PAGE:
Justice in Design
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NADAAA’s collaborative report to develop guidelines and opportunities for forward-thinking jail design has been released to the public. This report was created with the Van Alen Institute and The Independent Commission on New York City Criminal Justice and Incarceration Reform to explore how design could make “A More Just New York City”. The findings in the report develop innovative design and programming guidelines for future decentralized jails—termed Justice Hubs. Justice Hubs are facilities that create healthy, normative environments and support rehabilitation for incarcerated or detained individuals, while simultaneously providing neighborhoods with new public amenities.
Rikers Island affects people from every borough, creating intertwined challenges for detainees, their families, correctional staff, and city residents. The isolated location, harsh environments, and challenging protocols make for spaces that are dehumanizing, unhealthy and unsafe for many that come into contact with it. Closing Rikers would relieve the knot of tension and harm that these jails create.
Justice Hubs are a new model for detention in New York City. Located in each of the boroughs near existing courts and municipal buildings, these new facilities offer an innovative opportunity for a justice system that is fair and responsive to communities throughout New York City.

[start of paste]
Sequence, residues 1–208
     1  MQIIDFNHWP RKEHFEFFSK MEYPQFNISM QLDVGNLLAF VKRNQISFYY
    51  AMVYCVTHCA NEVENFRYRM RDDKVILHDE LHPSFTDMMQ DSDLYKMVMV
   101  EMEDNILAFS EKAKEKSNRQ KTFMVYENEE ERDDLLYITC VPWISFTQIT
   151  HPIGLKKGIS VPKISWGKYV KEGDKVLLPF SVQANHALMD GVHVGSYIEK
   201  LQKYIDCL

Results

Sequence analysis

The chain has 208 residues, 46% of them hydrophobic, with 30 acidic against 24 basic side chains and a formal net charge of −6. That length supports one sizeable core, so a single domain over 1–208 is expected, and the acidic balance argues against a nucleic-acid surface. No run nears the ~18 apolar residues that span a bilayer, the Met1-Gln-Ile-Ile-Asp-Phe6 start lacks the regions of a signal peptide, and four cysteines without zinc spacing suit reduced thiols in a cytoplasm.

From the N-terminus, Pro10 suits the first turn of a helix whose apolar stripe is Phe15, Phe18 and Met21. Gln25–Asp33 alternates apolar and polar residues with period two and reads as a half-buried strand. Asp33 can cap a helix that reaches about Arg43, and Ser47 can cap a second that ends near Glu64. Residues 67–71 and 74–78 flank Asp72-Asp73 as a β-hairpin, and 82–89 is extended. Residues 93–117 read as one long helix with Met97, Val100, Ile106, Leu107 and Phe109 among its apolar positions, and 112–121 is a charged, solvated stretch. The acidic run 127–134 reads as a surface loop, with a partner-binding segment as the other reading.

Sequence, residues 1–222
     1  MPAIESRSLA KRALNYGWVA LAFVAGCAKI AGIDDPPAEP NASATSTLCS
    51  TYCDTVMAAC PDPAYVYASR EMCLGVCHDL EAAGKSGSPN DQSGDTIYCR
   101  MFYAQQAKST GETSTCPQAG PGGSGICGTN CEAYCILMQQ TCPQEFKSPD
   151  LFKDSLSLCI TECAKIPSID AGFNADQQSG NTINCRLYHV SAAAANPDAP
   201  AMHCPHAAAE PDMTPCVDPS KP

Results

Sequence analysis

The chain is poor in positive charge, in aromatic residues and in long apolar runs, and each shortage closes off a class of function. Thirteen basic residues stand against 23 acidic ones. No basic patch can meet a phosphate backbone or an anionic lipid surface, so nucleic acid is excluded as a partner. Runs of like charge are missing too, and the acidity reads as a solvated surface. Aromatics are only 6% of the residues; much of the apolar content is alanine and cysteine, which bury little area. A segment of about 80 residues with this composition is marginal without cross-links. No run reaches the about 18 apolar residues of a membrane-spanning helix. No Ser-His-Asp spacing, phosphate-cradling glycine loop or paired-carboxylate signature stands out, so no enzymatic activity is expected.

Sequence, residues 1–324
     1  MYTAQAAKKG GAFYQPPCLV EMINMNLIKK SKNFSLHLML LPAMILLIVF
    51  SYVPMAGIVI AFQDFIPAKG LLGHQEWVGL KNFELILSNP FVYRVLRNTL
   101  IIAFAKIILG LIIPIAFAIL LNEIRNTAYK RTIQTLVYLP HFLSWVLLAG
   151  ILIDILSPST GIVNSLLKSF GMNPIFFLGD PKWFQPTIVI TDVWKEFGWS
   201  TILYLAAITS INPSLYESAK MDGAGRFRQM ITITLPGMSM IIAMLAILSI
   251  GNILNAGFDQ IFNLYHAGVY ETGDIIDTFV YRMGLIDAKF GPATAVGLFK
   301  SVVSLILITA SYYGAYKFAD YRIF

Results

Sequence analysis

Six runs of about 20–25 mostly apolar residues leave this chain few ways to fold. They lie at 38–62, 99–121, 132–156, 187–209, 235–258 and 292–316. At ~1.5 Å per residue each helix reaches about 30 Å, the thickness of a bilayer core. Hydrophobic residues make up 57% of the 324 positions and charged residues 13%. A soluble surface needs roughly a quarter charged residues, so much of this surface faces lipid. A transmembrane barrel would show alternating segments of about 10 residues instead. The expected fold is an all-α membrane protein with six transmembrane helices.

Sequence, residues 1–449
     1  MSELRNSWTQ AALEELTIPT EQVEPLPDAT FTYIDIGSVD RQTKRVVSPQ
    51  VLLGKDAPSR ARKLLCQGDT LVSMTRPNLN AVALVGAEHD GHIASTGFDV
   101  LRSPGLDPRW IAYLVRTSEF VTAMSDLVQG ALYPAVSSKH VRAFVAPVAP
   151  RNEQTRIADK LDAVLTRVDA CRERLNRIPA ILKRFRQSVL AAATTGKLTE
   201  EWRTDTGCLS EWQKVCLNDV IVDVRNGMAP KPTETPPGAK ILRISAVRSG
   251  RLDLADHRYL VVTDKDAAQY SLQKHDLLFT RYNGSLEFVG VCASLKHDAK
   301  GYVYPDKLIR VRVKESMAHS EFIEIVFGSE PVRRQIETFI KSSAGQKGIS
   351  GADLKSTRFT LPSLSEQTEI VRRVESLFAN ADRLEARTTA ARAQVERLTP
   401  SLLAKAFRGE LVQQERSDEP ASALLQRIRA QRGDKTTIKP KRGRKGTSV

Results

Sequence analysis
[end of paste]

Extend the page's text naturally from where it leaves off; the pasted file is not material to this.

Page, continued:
A series of workshops and detention center tours were held in three New York City boroughs with family members of detainees, former detainees, former correction officers, and community members so they could have a voice in discussions of closing Rikers Island.
The diversity of opportunities in the city creates healthy and vibrant experiences. How people from a variety of walks of life take advantage of programs and overlap with others can foster positive civic identity and understanding.
To make jails more rehabilitative, healthy, and respectful, attention to the design of interior spaces must focus on producing positive behavioral effects, easing tensions for inmates and staff, providing dedicated spaces for a diversity of experiences and constructive programming, and creating domestic environments more common in everyday life with access to light, air, and views.
Goals for Justice Hub visitation include: open access to information; scheduling visits on line; respectful and supportive interaction with Correction Officer and Staff; well considered and appropriately appointed waiting areas; visitor meeting rooms with a variety of furniture and children areas with toys and soft surfaces; access to natural light, air and connection to outdoor spaces and views.
The discussions proposed facilities centered on establishing community-based institutions as an integral part of the city and the populations they serve to develop a positive connection with the local context while affording opportunities for work and community-based programs. The findings indicate that to best serve New York City, the boroughs, and local communities, the next generation of facilities must draw on experiences of people living and working in jails.